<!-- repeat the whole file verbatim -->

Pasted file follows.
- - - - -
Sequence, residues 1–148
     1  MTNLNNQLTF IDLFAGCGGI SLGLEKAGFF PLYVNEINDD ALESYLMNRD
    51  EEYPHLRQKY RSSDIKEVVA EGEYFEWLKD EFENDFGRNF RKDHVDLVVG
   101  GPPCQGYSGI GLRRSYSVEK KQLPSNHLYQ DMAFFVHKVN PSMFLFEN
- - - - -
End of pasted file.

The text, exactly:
Sequence, residues 1–148
     1  MTNLNNQLTF IDLFAGCGGI SLGLEKAGFF PLYVNEINDD ALESYLMNRD
    51  EEYPHLRQKY RSSDIKEVVA EGEYFEWLKD EFENDFGRNF RKDHVDLVVG
   101  GPPCQGYSGI GLRRSYSVEK KQLPSNHLYQ DMAFFVHKVN PSMFLFEN